I’m glad you’re here.

We have
work to do.

What if we actually aimed for thriving?

Too often, we accept busyness and productivity as their own reward. Or we’re afraid to be bold, so we aim for something less than thriving.

As a result, we’re falling dangerously short of thriving in our communities, in our organizations and in our own lives.

So, what if we recognized the characteristics of thriving living systems in our organizations and communities?


And what if that were somehow simple and useful, opening up new insights and suggesting new ways forward?


What if our most powerful role is to act as stewards of life’s processes, actively cultivating the fertile conditions for life to thrive?


And what if this helped us achieve all of our other objectives more effectively?

This is the most important work of our times.
This is the practice of thrivability.


Here’s how I can help.

Whether you’re an organizational leader, a community planner or just someone looking for answers, here are some ways I can help.


Sharing deep expertise on what it takes for life to thrive in our organizations, our communities and our own experience


Hosting meaningful conversations to navigate complexity collectively, creatively and joyfully


Offering a comprehensive framework for designing and stewarding effective change


Mapping the opportunity in The Age of Thrivability: Vital Perspectives and Practices for a Better World


Delivering thought-provoking keynotes, workshops and webinars, with warmth and interactivity

“We need to see ourselves more fully as active stewards of life’s unfolding process and as part of a larger living world.”

The Age of Thrivability

Living Soil and the Learning That’s Needed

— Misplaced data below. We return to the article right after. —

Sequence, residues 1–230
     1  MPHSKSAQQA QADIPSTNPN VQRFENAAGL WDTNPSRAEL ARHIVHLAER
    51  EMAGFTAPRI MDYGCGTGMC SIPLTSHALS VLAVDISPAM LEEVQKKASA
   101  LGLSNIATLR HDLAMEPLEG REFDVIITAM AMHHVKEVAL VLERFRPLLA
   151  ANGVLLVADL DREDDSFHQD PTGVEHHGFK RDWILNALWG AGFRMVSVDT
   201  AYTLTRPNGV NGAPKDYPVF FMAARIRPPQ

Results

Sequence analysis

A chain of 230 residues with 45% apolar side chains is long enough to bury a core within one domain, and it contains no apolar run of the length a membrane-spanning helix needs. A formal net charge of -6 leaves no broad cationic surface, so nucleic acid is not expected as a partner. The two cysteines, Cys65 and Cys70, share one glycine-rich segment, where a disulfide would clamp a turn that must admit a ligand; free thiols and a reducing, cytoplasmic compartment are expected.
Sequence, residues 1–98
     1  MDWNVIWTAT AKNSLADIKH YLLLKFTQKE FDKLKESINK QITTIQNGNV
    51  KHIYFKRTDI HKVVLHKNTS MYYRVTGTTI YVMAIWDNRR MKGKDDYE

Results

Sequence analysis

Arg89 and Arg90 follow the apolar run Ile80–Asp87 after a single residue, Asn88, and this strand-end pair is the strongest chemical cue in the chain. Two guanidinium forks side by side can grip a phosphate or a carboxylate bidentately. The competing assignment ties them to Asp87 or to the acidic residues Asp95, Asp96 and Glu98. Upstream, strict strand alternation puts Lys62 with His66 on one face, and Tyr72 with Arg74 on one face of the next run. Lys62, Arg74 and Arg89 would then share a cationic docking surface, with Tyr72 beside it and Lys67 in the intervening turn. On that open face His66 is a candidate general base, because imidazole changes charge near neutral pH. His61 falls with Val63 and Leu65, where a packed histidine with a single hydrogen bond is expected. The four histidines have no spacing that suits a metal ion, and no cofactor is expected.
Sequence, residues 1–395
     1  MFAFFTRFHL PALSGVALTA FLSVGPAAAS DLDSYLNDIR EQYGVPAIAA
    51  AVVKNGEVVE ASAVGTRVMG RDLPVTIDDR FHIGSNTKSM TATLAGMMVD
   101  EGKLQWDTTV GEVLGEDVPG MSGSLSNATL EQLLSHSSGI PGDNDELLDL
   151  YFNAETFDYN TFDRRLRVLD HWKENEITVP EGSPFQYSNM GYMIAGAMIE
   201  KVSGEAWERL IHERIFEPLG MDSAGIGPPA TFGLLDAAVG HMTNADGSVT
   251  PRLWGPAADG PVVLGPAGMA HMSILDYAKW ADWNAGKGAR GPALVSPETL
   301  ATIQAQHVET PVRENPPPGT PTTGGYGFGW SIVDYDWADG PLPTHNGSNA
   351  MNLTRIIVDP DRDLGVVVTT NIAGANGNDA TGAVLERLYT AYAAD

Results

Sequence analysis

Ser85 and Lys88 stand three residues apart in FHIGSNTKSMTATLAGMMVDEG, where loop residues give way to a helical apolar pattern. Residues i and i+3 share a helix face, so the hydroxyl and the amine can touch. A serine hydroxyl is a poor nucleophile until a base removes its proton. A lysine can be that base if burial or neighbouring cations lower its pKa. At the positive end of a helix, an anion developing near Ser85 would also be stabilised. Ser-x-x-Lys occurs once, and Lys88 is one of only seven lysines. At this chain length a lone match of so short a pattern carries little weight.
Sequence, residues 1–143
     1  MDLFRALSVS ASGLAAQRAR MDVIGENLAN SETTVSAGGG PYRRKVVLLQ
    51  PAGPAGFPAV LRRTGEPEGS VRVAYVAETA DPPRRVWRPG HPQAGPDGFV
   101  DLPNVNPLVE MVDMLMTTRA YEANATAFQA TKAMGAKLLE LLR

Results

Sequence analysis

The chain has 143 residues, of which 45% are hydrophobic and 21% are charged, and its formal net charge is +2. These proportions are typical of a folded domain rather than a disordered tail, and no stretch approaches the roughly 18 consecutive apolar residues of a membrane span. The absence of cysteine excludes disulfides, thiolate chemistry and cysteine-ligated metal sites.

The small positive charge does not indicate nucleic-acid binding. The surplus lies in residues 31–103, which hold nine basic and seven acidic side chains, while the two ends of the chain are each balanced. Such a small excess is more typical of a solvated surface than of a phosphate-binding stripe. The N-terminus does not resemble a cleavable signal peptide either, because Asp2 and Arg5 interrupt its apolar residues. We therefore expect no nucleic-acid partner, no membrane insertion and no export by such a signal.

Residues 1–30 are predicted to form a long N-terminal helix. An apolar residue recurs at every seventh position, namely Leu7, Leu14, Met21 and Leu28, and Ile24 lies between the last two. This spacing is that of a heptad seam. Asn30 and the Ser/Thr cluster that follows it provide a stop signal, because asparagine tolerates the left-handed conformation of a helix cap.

I’ve just come from co-hosting Regeneration Canada’s Living Soils Symposium. As tired as I feel right now at the end of the four-day gathering, there’s nowhere else I would have chosen to be. Regenerative approaches to agriculture and land management offer the most...

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Changing The Game of Life

The most important thing we can do right now, individually and collectively, is to change the game we’re playing. “The game we play” is another way of thinking about the story or worldview we’re living out. Adopting a new game (or worldview) changes the conversations...

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"From Union to Communion: The Necessary Evolution of Organized Labor" -  @thrivability https://t.co/J1jVWhQtbm

"Most leaders don’t yet realize they are authorized to do what is right & to honor life as the true bottom line. It will likely take the collective voice of the people to make that authorization explicit & to make bold action the expectation & the norm."

"What form of collective organizing is needed if we are to protect the rights & needs of all life? Can we organize collectively in union – in communion, even – with everything that is alive, fully conscious of our deep interdependence?"

How can we reimagine our lives, not as consumers & human capital but as vibrant contributors to the whole of life? How can we reinvent our orgs so they build not just sustainability but thrivability? What will it take to make life the true bottom line?

Curious to see how the rise of female farmers will shift the role of farms in society. Might it help them become "a space where ppl could practice being together in diversity & also healthy communion w/each other & w/the Earth"?
https://t.co/Rp4K8J2oqS https://t.co/si8Fg0Esgs

"We can be whatever we have the courage to see." https://t.co/M5dHDmfEB1 thrivability photo

"The Navajo have a word hozho the literal translation [of which] usually is ‘beauty’. It in fact is a whole philosophy encompassing beauty, harmony, happiness plus all that is positive. Life for the Navajo means consistently working to live in hozho and to die in hozho." - Alan Moore @alansmlxl on Twitter ... See MoreSee Less

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